Know the real benefits of oat milk for your health

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Plant-based milks are a popular alternative to animal-derived milk, driven by growing awareness of the environmental impacts and animal welfare of dairy farming. A popular alternative is oat milk.

In 2022, annual sales increased by just over 50% to reach US$527.44 million. So how does this alternative to animal milk compare to the others?

What is oat milk?

Whether homemade or store-bought, oat milk is simply milk made from oats. For commercial products, the manufacturing process involves combining rolled oats with water, hydrolyzing the mixture to break down the starch content of the oats, and filtering to produce the milk. The process of making oat milk at home also involves mixing the oats with water and then straining the mixture twice to obtain the milk.

Oat milk is free of animal ingredients and also contains no lactose. If you’re interested in plant-based milks for nutritional or ethical reasons, oat milk can be a great alternative to cow’s milk.

How to make oat milk

Oat milk is made from oats and water. Store-bought oat milk will likely also contain added vitamins and minerals.

The first step is to blend the oats and water with a high-speed blender or food processor. Different recipes suggest different time periods. Some recommend only churning for 30 to 45 seconds to prevent the milk from becoming slimy, while others suggest churning for 2 to 4 minutes. If you’re going to add any flavoring, like sea salt or vanilla extract, this is where you should do it. You can experiment to find out your personal preference.

The next step is to strain the mixture, and there are a few different ways to do this.

One way is to use a nut milk bag. They are specifically designed for making milk at home, although they may miss too much pulp for some consumers. Another option is a fine mesh sieve, but you can also let some of the pulp through. Some recommend straining through a thin towel, as this results in a milk mixture with much less starch and a less viscous texture.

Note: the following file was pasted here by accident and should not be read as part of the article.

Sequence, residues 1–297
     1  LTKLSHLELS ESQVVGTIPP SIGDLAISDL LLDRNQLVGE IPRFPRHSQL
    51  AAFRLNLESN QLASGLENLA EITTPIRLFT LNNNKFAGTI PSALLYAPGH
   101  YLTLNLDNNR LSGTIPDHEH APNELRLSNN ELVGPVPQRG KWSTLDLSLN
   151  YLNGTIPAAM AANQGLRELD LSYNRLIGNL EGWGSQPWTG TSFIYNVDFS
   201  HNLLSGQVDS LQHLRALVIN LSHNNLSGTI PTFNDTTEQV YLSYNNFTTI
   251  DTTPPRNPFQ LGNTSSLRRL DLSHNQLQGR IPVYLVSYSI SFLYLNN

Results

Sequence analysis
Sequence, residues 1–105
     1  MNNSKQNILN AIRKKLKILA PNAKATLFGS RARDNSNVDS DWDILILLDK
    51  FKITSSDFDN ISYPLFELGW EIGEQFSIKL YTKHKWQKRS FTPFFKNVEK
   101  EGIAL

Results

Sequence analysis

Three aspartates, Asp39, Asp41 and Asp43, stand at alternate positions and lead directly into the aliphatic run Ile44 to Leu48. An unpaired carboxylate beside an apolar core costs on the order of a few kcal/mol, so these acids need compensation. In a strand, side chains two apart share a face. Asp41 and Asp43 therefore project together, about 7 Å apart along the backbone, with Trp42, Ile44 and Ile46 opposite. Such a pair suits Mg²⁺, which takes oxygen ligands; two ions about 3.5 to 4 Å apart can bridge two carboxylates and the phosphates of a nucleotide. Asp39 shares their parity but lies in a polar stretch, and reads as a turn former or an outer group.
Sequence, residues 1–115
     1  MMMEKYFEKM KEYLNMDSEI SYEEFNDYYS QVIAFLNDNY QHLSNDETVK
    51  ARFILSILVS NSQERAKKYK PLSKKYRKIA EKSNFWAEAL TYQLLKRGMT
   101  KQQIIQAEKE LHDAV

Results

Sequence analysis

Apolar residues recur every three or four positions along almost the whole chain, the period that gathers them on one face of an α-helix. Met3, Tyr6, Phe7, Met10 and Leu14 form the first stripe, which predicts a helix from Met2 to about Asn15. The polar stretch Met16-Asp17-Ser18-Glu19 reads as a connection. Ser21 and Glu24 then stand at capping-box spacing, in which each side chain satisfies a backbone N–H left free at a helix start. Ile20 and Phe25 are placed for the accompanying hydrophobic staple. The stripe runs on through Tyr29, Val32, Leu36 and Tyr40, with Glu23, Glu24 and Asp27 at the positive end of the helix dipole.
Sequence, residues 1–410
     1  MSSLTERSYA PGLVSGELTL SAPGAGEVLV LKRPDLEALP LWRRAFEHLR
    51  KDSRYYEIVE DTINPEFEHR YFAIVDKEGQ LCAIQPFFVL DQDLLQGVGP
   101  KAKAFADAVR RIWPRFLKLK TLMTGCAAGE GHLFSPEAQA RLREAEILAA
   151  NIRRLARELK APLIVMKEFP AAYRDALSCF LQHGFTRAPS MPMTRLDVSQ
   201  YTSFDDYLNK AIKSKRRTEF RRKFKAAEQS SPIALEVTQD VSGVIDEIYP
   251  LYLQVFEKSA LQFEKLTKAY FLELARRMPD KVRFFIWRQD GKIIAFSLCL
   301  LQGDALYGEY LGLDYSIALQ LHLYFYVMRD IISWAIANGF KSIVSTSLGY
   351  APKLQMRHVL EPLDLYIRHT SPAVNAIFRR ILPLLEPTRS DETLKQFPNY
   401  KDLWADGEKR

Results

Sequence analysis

Most recipes recommend straining the oat milk twice. This helps to avoid excess starch in the milk, which can result in a slimy rather than creamy texture. This is particularly important if you used a looser sieve. Once you’ve done this, you don’t need the pulp anymore, but to reduce waste, take a look at some recipes that use oat pulp.

When your oat milk is ready, pour it into an airtight container and keep it refrigerated until you’re ready to use it. Your milk can be stored this way for a few days.

How long does oat milk last?

The general consensus is that homemade oat milk can last about 4 to 5 days, while store-bought oat milk can last anywhere from a week to ten days. If you leave the milk longer than that, you may notice a slight change in color, it may become thick or lumpy, or it may start to smell sour. These are signs that your milk has started to spoil.

How to use oat milk

Oat milk can be used in the same way as animal milk. You can drink it neat, use it in baking or pour it over cereal, for example. Oat milk is also one of the most popular options to use in teas and coffees, due to its thick and creamy texture.

oat milk nutrition

Nutritionally, oat milk is a very healthy alternative to traditional whole milk. It contains less saturated fat and more fiber.

The specific nutritional profile of oat milk varies depending on whether it was home-made or store-bought. Commercial brands of oat milk also vary in the additives they include. Keep in mind, too, that nutritional needs will vary depending on what you’ll be using the milk for—pancakes versus direct consumption, for example.

In terms of calorie counts, 100 grams of unsweetened oat milk contains about 48 calories, which is similar to low-fat cow’s milk, which has about 43 calories per 100 grams. The caloric content of oat milk is mainly due to its high carbohydrate content, but choosing a brand without additional ingredients to sweeten the milk can help keep this to a minimum.